Aim We assess biogeographical patterns, population structure and the range of species in the pulmonate genus Siphonaria across the sub‐Antarctic. We hypothesized that locally endemic cryptic species will be found across the distribution of these direct‐developing limpets in the sub‐Antarctic. Location The sub‐Antarctic coasts of the Southern Ocean including South America, the Falkland/Malvinas, South Georgia, Kerguelen and Macquarie Islands. Methods Multi‐locus phylogenetic reconstructions, mtDNA time‐calibrated divergence time estimations and population‐based analyses of Siphonaria populations were used at the scale of the Southern Ocean. Results We resolve two widely distributed lineages of Siphonaria (S. lateralis and S. fuegiensis) across the sub‐Antarctic. MtDNA divergence time estimates suggest that they were separated around 4.0 Ma (3.0 to 8.0 Ma). Subsequently both species followed different evolutionary pathways across their distributions. Low levels of genetic diversity characterize the populations of both species, reflecting the role of Quaternary glacial cycles during their respective demographic histories, suggesting high levels of dispersal among geographically distant localities. Main conclusions Siphonaria lateralis and S. fuegiensis constitute sister and broadly co‐distributed species across the sub‐Antarctic. Unexpected transoceanic similarities and low levels of genetic diversity in both these direct‐developing species imply recurrent recolonization processes through long‐distance dispersal to isolated sub‐Antarctic islands. For such groups of Southern Ocean invertebrates, rafting may be more effective for long‐distance dispersal than a free‐living planktotrophic larval stage. This biogeographical model may explain why many marine species lacking a dispersal phase exhibit broad distributions, low genetic diversity and low population structure over thousands of kilometres.
Written by NATIONAL HOCKEY LEAGUE PLAYOFFSWinnipeg 5, Nashville 1 May 11, 2018 /Sports News – National Scoreboard roundup — 5/10/18 AMERICAN LEAGUEBoston 5, N.Y. Yankees 4Baltimore 11, Kansas City 6 Seattle 9, Toronto 3L.A. Angels 7, Minnesota 4 NATIONAL LEAGUEPhiladelphia 6, San Francisco 3Atlanta 9, Miami 2Milwaukee 5, Colorado 2Washington 2, Arizona 1, 11 InningsSt. Louis 2, San Diego 1Cincinnati 4, L.A. Dodgers 1 FacebookTwitterLinkedInEmailiStock/Thinkstock(NEW YORK) — Here are the scores from Thursday’s sports events:AMERICAN LEAGUEBoston 5, N.Y. Yankees 4Baltimore 11, Kansas City 6 Seattle 9, Toronto 3L.A. Angels 7, Minnesota 4NATIONAL LEAGUEPhiladelphia 6, San Francisco 3Atlanta 9, Miami 2Milwaukee 5, Colorado 2Washington 2, Arizona 1, 11 InningsSt. Louis 2, San Diego 1Cincinnati 4, L.A. Dodgers 1NATIONAL HOCKEY LEAGUE PLAYOFFSWinnipeg 5, Nashville 1Copyright © 2018, ABC Radio. All rights reserved.(NEW YORK) — Here are the scores from Thursday’s sports events: Beau Lund
Brad James Written by FacebookTwitterLinkedInEmailST. GEORGE, Utah-Saturday, Dixie State football commences its season at Colorado State-Pueblo, seeking their first-ever win against the Thunderwolves in program history.CSU-Pueblo comes in as the #14 ranked team in the Division II polls and this is the third game in history between the Thunderwolves and Trailblazers.A Dixie State win would be a tremendous feather in their cap as the Thunderwolves are projected as the Rocky Mountain Athletic Conference favorite per a poll from coaches in the conference.Since going to Division II in 2007, Dixie State is 1-13 in match-ups against foes in the Top 25.A Trailblazers win here would be their first against a ranked opponent since a 38-31 victory over #23 Colorado Mesa in 2016.Dixie State has stumbled out of the blocks traditionally, going 2-10 all-time in season openers as a Division II school. Their last season-opening win came in 2016, when they downed New Mexico Highlands 21-14.The Trailblazers will be led by junior tailback Sei-J Lauago (803 rushing yards, 5 TD’s in 2017 in just eight games) and redshirt junior receiver Kasey Allison (39 rec, 580 yards, 4 TD’s in 2017) on offense.Defensively, they are paced by junior safety Mike Jones (84 tackles, five pass breakups, four forced fumbles, two tackles for a loss and 1.5 sacks).Other defensive stalwarts include senior safety Trayvon Watson (69 tackles, six pass breakups, four interceptions, two fumble recoveries) and senior defensive lineman Remington Kelly (58 tackles, nine tackles for a loss, nine quarterback hurries, 3.5 sacks and a 46-yard fumble return for a touchdown in 2017).The Thunderwolves are paced by quarterback Brandon Edwards, who has tossed for 732 yards, 4 touchdowns and three interceptions in his career.The CSU-Pueblo running game is their strong point as senior Marche Dennard (1,083 career rushing yards, 17 touchdowns) and junior Austin Micci (694 career rushing yards, eight touchdowns).Ammon Johnson is the Thunderwolves’ returning leading receiver, having posted 547 receiving yards and three touchdowns last season in his sophomore campaign. August 30, 2018 /Sports News – Local Dixie State Football Seeks First-Ever Win Against CSU Pueblo Saturday Tags: Brandon Edwards/Colorado State-Pueblo/Division II/Dixie State/Kasey Allison/Mike Jones/Remington Kelly/Sei-J Lauago/Trayvon Watson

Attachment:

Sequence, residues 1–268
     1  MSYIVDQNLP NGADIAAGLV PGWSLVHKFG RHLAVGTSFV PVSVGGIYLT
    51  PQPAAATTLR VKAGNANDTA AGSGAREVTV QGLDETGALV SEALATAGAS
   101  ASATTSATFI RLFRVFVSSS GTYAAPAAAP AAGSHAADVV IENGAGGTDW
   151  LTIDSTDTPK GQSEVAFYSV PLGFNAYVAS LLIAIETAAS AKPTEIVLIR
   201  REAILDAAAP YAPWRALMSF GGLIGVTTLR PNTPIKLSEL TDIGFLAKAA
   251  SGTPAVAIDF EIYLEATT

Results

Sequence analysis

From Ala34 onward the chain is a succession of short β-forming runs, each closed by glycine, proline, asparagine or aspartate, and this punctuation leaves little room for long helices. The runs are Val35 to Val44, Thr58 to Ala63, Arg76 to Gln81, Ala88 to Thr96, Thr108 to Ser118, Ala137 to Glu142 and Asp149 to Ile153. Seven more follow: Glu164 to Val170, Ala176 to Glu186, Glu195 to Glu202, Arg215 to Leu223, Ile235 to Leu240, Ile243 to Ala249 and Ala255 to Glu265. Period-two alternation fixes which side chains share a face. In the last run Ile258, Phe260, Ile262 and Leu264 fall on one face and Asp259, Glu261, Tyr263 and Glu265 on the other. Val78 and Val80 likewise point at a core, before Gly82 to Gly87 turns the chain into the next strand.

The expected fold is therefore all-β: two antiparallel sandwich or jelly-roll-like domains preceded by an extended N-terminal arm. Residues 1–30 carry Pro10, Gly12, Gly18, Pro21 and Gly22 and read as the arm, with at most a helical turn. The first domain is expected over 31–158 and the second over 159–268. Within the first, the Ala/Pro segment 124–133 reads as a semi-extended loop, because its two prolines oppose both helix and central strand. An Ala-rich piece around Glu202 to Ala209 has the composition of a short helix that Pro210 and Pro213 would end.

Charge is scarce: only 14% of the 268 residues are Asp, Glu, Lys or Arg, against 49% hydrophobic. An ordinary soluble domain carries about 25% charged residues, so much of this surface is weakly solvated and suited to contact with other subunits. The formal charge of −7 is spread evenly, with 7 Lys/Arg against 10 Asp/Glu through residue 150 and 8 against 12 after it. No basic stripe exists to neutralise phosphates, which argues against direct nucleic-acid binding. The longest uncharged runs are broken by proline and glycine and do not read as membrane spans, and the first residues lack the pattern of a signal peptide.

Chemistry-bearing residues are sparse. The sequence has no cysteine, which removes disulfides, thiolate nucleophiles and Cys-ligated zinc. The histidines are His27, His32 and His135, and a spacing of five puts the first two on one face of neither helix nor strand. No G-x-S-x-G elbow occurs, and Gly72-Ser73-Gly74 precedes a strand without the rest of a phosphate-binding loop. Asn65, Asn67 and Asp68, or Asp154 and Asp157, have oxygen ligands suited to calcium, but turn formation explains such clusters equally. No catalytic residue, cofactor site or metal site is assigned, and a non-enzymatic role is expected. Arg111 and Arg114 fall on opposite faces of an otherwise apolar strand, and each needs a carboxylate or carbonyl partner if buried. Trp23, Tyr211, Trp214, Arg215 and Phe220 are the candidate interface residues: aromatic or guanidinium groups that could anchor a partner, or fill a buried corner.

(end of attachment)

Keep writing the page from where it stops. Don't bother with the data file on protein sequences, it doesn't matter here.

Tags: BYU/New Mexico/Northern Arizona/Sagebrush Invitational/Southern Utah/Utah/Utah State Men’s/Women’s Cross Country/Utah Valley/Weber State FacebookTwitterLinkedInEmailLOGAN, Utah-Information released Monday confirms Utah State men’s and women’s cross country were each ranked in the Top 10 of the NCAA Division I cross country regional rankings.This was released by the U.S. Track and Field and Cross Country Coaches Association.The Aggie women are ranked third in the Mountain Region, with the men currently ranked seventh.The New Mexico women are the top-ranked team in the Mountain Region and in Utah, the BYU women are ranked fourth, the Utah women are sixth, Southern Utah is 10th, Weber State is 11th and Utah Valley, 15th.The top-ranked men’s team in the Mountain Region is Northern Arizona.The Aggies will commence their season September 1 at home with the Sagebrush Invitational. Utah will be on hand to compete against the Aggies as fellow representatives of the Beehive State. August 28, 2018 /Sports News – Local Utah State Men’s/Women’s Cross Country Teams Each Ranked In Top 10 Written by Brad James